I said to my daughter as we walked the streets of our ancestral village, "Imagine what it would have been like if the Turkish government hadn't committed genocide. It could be like... the Republic of Anatolia with Turks and Armenians and Kurds and Greeks and Yazidis all living together. Just imagine what an amazing culture we could have had."
--- Kristin Anahit Cass
This exhibition features more than one hundred pieces created by the talented artist Kristin Anahit Cass. Cass began the project in 2012 in contemplation of the 2015 centennial remembrance of the Armenian Genocide. As a descendant of genocide survivors, her family faced the conflicts of living in diaspora and wondering what their lives would have been if indigenous Armenian and other minority populations had not been subjected to genocide and exile. The artworks displayed in this exhibition take a futurist perspective centering identity, community, healing, and hope. Cass works in photography, video, sculpture, and other media. Her art imagines the future, touches the past, and envisions a better world. In addition to her arts education, Cass has worked with women and minority owned businesses, artists, and nonprofits in her career as a lawyer. She is one of the founders of the LGBTQ platform Entanik (Family) where she is active in supporting creatives in the global community. Cass is a graduate of the University of Chicago. She lives and works in Chicago.
I began traveling to Armenia and other places in the SWANA (South West Asia and North Africa) region to meet people, connect with my family's ancestral culture and the shared culture of many diverse peoples in the region, and to envision the future. I traveled often with my daughter, the writer Araxie Cass, and also with my son and husband. Everywhere I visited in the region, and all the SWANA folks I met in diaspora, showed me the beauty of the culture that is shared among diverse SWANA peoples, while making me appreciate our unique differences.
From the strangers who helped my family find our ancestral village, to the sustaining support the Armenian community received from the greater SWANA community during the 2020 war on Armenia and Artsakh, to the global SWANA community we founded in the aftermath of that war, I have felt and followed the threads of our shared regional SWANA culture in many forms. My vision for the world that could have been, indeed that could be, began to take shape in my dreams and in my imagination. As people from a diverse SWANA diaspora, we could connect with the ancestral while envisioning a future that we could build together, writing our own story, building a republic in our imaginations. The acts of connecting with people of different backgrounds, traveling in the region, learning about the history, and building a community both locally in my hometown of Chicago and across the world, inspired and enlightened my work.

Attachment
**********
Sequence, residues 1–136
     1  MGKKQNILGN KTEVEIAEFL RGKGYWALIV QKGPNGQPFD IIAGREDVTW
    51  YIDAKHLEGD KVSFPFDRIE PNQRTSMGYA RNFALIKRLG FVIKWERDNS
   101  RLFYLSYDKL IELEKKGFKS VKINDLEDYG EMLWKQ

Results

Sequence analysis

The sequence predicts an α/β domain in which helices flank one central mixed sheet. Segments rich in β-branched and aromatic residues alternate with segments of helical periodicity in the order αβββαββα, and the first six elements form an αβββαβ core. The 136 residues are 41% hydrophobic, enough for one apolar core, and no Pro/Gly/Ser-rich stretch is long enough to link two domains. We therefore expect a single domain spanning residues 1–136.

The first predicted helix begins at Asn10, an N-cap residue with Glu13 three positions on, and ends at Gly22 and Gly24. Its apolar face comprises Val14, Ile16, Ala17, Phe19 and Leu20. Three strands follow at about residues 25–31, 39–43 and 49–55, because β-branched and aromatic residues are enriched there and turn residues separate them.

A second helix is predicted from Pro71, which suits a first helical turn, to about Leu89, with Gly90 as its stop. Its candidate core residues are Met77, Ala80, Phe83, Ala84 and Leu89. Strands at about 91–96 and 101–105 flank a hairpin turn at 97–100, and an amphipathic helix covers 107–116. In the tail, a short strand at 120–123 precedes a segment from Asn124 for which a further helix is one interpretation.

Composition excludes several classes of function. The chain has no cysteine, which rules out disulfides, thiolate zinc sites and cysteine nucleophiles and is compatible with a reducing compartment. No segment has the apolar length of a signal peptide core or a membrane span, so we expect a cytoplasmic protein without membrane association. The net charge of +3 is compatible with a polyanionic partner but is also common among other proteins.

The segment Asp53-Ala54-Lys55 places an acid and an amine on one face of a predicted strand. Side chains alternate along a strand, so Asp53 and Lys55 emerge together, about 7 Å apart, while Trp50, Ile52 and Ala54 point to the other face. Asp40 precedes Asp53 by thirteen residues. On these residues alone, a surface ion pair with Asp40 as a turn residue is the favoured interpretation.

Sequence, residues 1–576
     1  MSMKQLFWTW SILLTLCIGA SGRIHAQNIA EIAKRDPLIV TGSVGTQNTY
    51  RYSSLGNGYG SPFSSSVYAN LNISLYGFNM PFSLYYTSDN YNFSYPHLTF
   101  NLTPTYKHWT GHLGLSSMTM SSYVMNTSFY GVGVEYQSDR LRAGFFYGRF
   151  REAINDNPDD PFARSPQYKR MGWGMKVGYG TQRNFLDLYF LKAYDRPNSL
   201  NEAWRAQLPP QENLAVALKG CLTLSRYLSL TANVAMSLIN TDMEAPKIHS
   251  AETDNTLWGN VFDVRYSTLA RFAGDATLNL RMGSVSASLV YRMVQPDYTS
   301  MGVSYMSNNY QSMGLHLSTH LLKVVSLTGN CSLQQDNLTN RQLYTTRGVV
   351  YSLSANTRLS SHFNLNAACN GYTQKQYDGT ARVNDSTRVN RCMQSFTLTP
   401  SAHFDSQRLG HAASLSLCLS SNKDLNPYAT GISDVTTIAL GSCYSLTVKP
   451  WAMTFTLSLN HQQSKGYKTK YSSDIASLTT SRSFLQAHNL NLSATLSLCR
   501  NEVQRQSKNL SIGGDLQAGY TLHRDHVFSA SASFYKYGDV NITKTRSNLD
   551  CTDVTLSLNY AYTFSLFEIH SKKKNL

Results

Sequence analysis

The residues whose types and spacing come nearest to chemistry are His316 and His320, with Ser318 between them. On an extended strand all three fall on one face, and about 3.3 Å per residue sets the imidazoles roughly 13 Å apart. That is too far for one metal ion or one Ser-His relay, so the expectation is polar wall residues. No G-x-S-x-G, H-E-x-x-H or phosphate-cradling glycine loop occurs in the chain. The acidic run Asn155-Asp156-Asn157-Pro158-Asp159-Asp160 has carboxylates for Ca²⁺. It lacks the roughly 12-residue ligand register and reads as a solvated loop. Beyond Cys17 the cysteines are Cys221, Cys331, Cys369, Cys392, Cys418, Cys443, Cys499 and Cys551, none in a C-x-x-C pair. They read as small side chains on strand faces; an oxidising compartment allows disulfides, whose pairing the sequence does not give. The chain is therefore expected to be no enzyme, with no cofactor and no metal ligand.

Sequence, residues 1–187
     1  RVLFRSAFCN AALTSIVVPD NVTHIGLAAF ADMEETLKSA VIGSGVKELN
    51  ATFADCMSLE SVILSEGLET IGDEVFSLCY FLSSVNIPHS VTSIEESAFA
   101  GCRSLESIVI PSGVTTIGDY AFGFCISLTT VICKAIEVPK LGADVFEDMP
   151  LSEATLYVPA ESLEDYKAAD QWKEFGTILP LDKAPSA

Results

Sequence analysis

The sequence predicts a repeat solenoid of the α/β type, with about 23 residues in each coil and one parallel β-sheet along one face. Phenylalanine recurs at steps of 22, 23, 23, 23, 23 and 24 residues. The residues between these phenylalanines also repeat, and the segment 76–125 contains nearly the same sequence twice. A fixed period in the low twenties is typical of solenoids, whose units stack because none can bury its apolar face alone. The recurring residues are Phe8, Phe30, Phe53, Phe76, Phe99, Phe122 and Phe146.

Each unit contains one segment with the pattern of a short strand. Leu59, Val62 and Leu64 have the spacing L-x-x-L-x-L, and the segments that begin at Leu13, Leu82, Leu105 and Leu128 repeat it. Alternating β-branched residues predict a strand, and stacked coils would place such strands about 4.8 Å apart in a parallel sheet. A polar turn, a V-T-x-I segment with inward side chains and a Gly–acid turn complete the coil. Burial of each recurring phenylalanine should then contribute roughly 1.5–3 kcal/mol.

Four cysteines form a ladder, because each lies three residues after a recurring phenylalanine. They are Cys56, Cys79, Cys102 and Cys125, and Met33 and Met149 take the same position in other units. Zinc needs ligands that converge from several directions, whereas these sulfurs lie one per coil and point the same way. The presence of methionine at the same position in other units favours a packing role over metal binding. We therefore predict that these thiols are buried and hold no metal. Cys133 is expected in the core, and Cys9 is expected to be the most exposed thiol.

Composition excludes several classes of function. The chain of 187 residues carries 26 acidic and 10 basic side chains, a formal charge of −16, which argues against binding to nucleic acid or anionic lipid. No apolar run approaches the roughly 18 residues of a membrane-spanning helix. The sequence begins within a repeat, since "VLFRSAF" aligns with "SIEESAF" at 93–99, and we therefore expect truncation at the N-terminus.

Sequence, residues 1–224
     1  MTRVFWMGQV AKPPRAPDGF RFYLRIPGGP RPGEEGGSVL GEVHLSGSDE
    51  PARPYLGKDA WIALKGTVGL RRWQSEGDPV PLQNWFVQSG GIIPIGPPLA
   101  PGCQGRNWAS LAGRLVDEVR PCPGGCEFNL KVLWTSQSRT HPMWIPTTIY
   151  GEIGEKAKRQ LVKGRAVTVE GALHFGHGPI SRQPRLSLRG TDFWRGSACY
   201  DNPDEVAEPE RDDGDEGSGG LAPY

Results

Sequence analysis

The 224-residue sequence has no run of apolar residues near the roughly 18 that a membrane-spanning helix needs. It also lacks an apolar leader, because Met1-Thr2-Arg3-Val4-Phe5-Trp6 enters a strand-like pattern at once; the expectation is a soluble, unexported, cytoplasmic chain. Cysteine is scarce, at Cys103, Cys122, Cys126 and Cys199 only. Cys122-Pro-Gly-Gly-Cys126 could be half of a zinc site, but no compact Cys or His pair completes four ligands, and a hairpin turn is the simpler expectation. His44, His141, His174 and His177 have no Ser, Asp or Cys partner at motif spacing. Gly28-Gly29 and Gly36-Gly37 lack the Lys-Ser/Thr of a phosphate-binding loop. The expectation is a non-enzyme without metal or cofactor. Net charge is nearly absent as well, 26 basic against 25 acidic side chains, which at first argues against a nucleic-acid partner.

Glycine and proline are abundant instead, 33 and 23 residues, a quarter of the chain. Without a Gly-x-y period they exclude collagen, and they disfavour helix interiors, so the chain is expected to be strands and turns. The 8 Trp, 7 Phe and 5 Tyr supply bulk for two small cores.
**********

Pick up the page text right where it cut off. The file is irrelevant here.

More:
What does the world look like from a SWANA (South West Asia and North Africa) futurist perspective? Can we envision a future of mutual support and a flowering of our diverse and shared SWANA cultures, even in the shadow of turmoil caused by the lingering effects of imperialism on countries from Armenia to Afghanistan to Palestine and Syria? Can we preserve a connection to our ancestors while encouraging the evolution of our communities in diaspora and our societies across the world? This sweeping project imagines the future and envisions creating it, encompassing land back, reparations, ethnic and cultural diversity, ancestral practices, and our shared SWANA culture. In short, SWANA futurism.
Much of this work occupies multiple temporalities. While disorienting time and space as we take control of our own narratives, we experience past, present, and future at once, much as our ancestral divination practices harness a nonlinear understanding of time, and simultaneous occupation of spaces.
Experience a family's return to their ancestral village, a reckoning with a past they believed was lost.
Witness ancestors who faced a violent, colonial past stepping out of vintage photos into a tumultuous present to reassert agency over their own stories.
Experience the emotions embodied in a Memory Shard embossed with the soil of ancestral lands or the imprint of a child's slipper brought from a lost homeland.
Meet the people who came together in places rich with human history to create contemporary portraits of diversity and friendship.
Imagine a different world. Travel to a fictional homeworld where past and future come together in dreamlike combinations.
Join in the ritual of hospitality as both host and honored guest.
Welcome to my world of indigeneity and diaspora. Dream with me.
--- Kristin Anahit Cass
Thursday, April 13, 2023, 5:00 p.m. - 7:00 p.m.
Artist Kristin Anahit Cass will speak at 6:00 pm.
Reception is free to the public. Complimentary wine and hors d'oeuvres will be served.
The Stamelos Gallery Center is located on the first floor of the Mardigian Library at the University of Michigan-Dearborn. For more information, see below for contact information. Anyone requiring accommodations under the provisions of the Americans with Disabilities Act should contact email@example.com.
World renowned artist Kyohei Fujita was born in Japan in 1921. He is known as the father of Japanese studio glass. Many of his works, including this one, were inspired by early Japanese boxes that were richly decorated with lacquerwork and mother-of-pearl inlays, and traditionally used to store Buddhist writings, jewelry, inkstones and brushes. Fujita's celebrated ornamental glass boxes revive conventional Japanese aesthetics in a contemporary form. This breathtaking piece was mold blown with gold and silver foil inclusions. Whenever asked by collectors what to keep in the boxes, the artist usually stated "You should put your dreams in them."
---Laura Cotton, Art Curator and Gallery Manager